In terms of changing social ills, supporting funds for a full time, licensed social worker will likely change more lives long-term than volunteering for a day or a weekend serving meals at a homeless shelter. Making a donation to help victims of the Syrian civil war is probably more helpful than hopping on a plane to volunteer for a week, especially if you lack needed language and other skills. These examples do not belittle or minimize the value of direct service. In fact, Judaism does not offer us a choice between tzedakah and acts of loving kindness (gemilut chasadim). We are commanded to do both, and both make a unique impact (again, on givers and receivers and the community). But for youth who have so little free time and refined skills, tzedakah is an active practice for seeking out problems that need solving, making decision based on their own values, and making a real impact.

In youth philanthropy programs, we teach both fundraising and grant making skills. By researching their cause, sharing it with people in their lives, and overcoming hidden messages to not talk about money, even youth can raise significant funds…literally tens of thousands of dollars. And they contribute their own personal funds to start the process, demonstrating their own commitment to their work and their cause. In this way, giving tzedakah is both personal and communal. It becomes a venue for identifying their passions, finding their voice, and being a leader in their community.

As we lose elder members of our communities, and the number of active philanthropists shrinks as well, the world needs youth to be engaged in tzedakah. Torah and Talmud recognize this as well as human nature’s resistance to this commandment. Maimonides advises us to give no more than 20% of our possessions to tzedakah and no less than 10%. In fact, even someone receiving tzedakah, he writes, should give at least half a shekel to tzedakah (Mishneh Torah, "Laws Concerning Gifts for the Poor," 7:5). It is so interesting to me that there was a concern that someone may give too much tzedakah, that an upper limit would need to be set! And further interesting that someone who needs help would be expected to give some of that help away to others. What is the point here? As I read it, the rabbi sees the desire in the human heart to give, to help, to create a just world. But with money there are dozens of tiny questions and hesitation that stop us. Am I giving to the right place? Can I afford this? Is it really making a difference? What I see Maimonides telling us is to just get started! He gives us an upper and lower limit, and not even the poorest is excuses. Get started!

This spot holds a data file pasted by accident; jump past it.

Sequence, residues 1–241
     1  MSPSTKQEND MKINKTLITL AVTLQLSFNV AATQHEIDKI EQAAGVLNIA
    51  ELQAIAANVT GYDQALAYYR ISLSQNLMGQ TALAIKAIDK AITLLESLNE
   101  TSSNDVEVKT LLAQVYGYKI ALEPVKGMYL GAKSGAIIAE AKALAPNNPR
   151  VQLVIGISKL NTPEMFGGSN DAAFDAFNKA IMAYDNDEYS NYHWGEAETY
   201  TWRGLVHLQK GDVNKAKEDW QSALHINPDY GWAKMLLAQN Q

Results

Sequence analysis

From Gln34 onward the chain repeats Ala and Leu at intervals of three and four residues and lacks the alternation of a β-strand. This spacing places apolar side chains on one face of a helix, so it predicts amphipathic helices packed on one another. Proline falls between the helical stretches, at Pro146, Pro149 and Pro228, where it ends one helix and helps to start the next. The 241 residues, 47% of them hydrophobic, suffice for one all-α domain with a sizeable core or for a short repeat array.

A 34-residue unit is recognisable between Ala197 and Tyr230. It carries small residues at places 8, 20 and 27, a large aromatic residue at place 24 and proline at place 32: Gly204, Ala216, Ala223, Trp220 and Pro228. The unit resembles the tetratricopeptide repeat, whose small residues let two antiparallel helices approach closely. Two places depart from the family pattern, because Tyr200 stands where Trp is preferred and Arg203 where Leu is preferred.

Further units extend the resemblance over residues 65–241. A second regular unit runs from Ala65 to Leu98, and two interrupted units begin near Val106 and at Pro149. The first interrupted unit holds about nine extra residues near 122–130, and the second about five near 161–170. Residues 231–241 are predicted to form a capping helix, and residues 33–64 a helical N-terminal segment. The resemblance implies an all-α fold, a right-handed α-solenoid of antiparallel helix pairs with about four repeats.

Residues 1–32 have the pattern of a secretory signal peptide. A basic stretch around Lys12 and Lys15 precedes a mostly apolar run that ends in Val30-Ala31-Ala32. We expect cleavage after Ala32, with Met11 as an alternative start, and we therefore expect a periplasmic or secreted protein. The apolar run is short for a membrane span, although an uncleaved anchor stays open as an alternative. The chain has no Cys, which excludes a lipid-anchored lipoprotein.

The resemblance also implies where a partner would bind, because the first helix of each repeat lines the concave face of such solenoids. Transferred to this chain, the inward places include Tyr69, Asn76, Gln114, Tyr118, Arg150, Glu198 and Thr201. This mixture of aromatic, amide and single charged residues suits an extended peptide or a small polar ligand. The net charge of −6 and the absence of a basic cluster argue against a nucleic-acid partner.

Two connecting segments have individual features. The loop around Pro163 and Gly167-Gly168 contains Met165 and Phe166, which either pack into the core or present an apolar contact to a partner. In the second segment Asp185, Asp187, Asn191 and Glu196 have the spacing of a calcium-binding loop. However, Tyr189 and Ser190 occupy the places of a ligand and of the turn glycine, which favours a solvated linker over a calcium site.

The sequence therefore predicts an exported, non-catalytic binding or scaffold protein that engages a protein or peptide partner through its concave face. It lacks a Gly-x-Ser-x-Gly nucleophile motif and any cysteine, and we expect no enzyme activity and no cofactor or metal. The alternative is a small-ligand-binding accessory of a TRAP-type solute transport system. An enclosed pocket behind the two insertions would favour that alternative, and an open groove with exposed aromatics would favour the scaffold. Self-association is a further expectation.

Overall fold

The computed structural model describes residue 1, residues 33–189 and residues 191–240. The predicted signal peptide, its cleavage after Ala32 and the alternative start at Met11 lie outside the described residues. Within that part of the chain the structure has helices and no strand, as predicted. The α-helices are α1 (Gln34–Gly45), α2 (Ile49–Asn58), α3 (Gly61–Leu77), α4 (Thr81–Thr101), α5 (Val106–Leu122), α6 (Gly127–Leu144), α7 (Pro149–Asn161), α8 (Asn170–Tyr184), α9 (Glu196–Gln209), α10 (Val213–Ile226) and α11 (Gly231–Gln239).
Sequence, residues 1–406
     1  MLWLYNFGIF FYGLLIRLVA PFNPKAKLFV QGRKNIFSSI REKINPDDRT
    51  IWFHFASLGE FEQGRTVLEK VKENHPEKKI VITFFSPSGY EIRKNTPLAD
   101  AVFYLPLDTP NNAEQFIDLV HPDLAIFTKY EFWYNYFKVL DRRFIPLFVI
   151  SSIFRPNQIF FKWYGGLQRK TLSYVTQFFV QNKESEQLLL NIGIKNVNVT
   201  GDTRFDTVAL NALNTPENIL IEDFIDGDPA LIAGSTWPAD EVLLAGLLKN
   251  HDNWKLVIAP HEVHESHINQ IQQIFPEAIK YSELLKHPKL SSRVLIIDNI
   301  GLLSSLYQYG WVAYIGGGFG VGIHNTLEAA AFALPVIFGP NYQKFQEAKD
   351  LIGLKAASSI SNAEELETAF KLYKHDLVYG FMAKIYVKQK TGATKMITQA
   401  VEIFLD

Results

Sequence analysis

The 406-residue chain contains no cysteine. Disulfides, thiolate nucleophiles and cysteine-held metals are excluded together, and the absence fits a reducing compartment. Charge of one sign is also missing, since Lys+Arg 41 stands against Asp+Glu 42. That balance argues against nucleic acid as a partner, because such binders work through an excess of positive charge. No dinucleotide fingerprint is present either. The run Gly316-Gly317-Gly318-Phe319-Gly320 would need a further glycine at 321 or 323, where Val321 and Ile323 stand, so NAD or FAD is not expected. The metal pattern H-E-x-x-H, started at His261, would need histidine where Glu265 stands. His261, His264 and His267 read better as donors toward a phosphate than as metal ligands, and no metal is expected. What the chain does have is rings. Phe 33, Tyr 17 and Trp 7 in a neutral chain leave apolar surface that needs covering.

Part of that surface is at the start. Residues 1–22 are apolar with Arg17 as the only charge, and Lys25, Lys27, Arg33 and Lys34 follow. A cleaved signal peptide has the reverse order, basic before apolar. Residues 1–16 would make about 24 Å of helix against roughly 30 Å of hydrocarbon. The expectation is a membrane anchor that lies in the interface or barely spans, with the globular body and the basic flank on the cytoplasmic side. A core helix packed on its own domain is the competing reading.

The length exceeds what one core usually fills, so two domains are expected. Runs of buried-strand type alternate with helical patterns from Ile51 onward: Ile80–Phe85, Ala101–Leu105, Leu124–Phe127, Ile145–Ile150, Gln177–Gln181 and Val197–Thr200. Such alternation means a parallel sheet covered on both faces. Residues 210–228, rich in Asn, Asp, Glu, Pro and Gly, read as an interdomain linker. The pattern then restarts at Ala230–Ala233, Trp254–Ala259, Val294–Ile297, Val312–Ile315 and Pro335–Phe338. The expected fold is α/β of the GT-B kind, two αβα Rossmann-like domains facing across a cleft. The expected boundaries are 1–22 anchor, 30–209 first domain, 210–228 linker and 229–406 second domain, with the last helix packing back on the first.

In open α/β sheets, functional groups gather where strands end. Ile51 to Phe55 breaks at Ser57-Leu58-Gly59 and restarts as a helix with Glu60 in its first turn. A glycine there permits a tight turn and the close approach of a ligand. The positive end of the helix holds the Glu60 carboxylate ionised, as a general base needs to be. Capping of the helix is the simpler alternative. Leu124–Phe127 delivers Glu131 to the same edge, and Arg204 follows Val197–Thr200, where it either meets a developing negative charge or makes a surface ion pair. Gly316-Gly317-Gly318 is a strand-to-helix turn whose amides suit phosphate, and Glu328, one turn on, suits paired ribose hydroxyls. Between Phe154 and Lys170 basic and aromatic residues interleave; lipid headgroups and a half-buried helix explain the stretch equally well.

Tzedakah is a muscle, like the heart. We must use it to make it grow, grow stronger and more capable. Using it this year does not mean it will still be strong next year. It is a lifestyle and a life practice. We would not prevent our children from growing any other muscle when they are young. Like any skill or exercise, they need role models and opportunities before they are full grown adults. Even if they have very little money to give. Even if they aren’t sure it will help. Even if they have never done it before. We need them, the Jewish community needs them, and the world needs them to get started. And they need it too.